Note that your statement that the sequencing policy is irrelevant for Sagas is incorrect.
Let’s assume you have two application instances A and B, both with a Tracking Event Processor serving events to your Saga, which we call “MySagaProcessor”.
You’ve configured your “MySagaProcessor” such that you have four segments and two threads.

In this set up app-instances A and B will both have two active threads, each claiming one of the four segments.

The SequencingPolicy dictates whether a given event should be handled by a given segment.
As with the above scenario there are four segments, that would mean the SequencingPolicy is still in charge of stating “this event belongs to this segment”, regardless of whether those events are intended for Query Model adjustments or Saga processing.

To answer one of your later questions:

How is the processor competing for token?

The TrackingEventProcessor (TEP) currently does a best effort on this, no specifics in place.
Thus if a TEP starts up and its threads start up, they’ll try to claim a segment, period.

If you want to have directional handling of messages, it might be interesting to check out the tagging functionality.
In Axon Server’s context this allows for location awareness essentially, which to me sounds like the thing you need.

Hope this helps you further Chun.


Hi Chun,

I must have had a massive brainfart yesterday, but this statement of mine:

Note that your statement that the sequencing policy is irrelevant for Sagas is incorrect.

is the thing which is incorrect… How recollection later in a day can bring epiphanies.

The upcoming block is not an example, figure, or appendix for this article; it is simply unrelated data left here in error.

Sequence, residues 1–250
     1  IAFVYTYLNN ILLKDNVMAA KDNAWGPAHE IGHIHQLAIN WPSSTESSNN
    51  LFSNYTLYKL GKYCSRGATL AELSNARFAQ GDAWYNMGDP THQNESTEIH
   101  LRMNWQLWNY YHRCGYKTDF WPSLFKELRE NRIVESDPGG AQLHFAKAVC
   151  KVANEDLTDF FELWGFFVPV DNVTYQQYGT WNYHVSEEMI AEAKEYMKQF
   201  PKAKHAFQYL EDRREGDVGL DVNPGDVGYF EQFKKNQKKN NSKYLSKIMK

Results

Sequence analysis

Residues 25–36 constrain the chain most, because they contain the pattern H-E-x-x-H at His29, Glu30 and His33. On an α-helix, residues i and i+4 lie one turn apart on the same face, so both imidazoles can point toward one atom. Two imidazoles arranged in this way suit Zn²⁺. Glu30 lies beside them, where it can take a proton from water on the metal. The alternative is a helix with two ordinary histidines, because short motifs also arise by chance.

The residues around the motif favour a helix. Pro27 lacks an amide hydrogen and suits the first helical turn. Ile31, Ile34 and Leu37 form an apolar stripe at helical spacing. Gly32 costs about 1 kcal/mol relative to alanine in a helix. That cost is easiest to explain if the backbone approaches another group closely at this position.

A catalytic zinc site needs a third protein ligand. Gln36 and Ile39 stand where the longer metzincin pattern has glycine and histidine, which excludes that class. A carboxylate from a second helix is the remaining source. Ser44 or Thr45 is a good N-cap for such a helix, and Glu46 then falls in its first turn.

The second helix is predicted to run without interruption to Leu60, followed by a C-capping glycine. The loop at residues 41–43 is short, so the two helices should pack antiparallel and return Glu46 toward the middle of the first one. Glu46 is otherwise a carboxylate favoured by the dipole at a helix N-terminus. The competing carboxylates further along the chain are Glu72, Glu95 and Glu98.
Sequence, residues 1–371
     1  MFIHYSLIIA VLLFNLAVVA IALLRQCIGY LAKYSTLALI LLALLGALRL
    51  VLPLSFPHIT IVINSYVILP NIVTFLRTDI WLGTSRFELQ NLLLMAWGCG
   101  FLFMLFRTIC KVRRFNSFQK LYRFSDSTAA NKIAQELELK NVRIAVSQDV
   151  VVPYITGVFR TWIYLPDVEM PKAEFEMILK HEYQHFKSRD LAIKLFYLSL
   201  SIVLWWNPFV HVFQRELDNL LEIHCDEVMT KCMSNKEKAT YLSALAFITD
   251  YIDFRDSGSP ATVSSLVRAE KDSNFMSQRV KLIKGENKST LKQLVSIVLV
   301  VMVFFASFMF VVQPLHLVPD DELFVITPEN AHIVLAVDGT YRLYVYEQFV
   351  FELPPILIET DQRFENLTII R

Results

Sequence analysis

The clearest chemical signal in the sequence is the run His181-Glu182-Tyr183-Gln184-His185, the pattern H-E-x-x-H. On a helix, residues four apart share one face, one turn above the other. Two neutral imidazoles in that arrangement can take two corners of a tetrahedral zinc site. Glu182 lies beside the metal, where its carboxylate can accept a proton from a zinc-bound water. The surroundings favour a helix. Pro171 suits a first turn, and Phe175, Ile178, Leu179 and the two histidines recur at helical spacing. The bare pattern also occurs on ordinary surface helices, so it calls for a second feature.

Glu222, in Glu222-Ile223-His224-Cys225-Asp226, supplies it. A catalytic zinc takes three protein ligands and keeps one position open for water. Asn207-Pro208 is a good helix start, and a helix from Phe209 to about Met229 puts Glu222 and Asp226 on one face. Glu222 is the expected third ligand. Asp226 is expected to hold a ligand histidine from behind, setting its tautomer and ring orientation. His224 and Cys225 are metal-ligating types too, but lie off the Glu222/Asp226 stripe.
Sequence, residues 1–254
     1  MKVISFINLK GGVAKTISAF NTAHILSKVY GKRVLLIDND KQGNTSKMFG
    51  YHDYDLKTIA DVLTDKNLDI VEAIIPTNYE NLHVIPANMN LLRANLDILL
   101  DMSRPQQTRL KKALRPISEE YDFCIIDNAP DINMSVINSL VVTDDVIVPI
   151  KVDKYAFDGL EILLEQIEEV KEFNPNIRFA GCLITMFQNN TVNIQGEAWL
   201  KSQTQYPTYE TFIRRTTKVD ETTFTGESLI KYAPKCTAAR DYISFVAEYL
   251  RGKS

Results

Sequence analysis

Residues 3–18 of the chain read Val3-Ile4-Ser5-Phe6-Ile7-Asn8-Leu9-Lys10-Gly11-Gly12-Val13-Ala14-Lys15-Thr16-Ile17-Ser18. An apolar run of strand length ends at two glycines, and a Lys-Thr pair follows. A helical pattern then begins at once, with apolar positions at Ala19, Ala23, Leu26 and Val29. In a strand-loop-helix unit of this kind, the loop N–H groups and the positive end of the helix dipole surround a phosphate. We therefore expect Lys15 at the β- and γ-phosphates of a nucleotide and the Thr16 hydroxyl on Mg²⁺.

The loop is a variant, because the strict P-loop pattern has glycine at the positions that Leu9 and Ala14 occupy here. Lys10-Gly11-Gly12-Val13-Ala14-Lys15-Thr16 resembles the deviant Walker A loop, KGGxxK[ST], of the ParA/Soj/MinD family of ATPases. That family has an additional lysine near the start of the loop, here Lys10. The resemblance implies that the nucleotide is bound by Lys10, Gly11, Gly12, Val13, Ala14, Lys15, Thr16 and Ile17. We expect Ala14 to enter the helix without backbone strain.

So, let me provide you with the actual approach of the AnnotatedSagaManager.

As you rightfully noted, the AnnotatedSagaManager does not deal with the SequencingPolicy.
The EventHandlerInvoker interface, of which the AnnotatedSagaManager is an implementation, is where the handle method is defined.
To be exact, the handle method is defined as follows:


  • Handle the given {@code message} for the given {@code segment}.
  • Callers are recommended to invoke {@link #canHandle(EventMessage, Segment)} prior to invocation, but aren’t
  • required to do so. Implementations must ensure to take the given segment into account when processing messages.
  • @param message The message to handle
  • @param segment The segment for which to handle the message
  • @throws Exception when an exception occurs while handling the message
    void handle(EventMessage<?> message, Segment segment) throws Exception;

The Segment referenced in this method is the/one of the segment(s) of the TrackingEventProcessor in this case.
The AbstractSagaManager’s implementation of the handle method further on uses the segment in conjunction with the saga identifier to verify whether it should handle the event yes/no.
This thus means that the Saga Identifier will be used to define whether an event will be handled by a thread/node combination.

FYI, the SimpleHandlerInvoker/MultiEventHandlerInvoker are implementations of this interface which use the SequencingPolicy as described in my previous post.
I think my mix up occurred to my recent efforts on those two classes…again my apologies for sharing this unintended mix up.

Concluding, I still hope all of this helps you out Chun!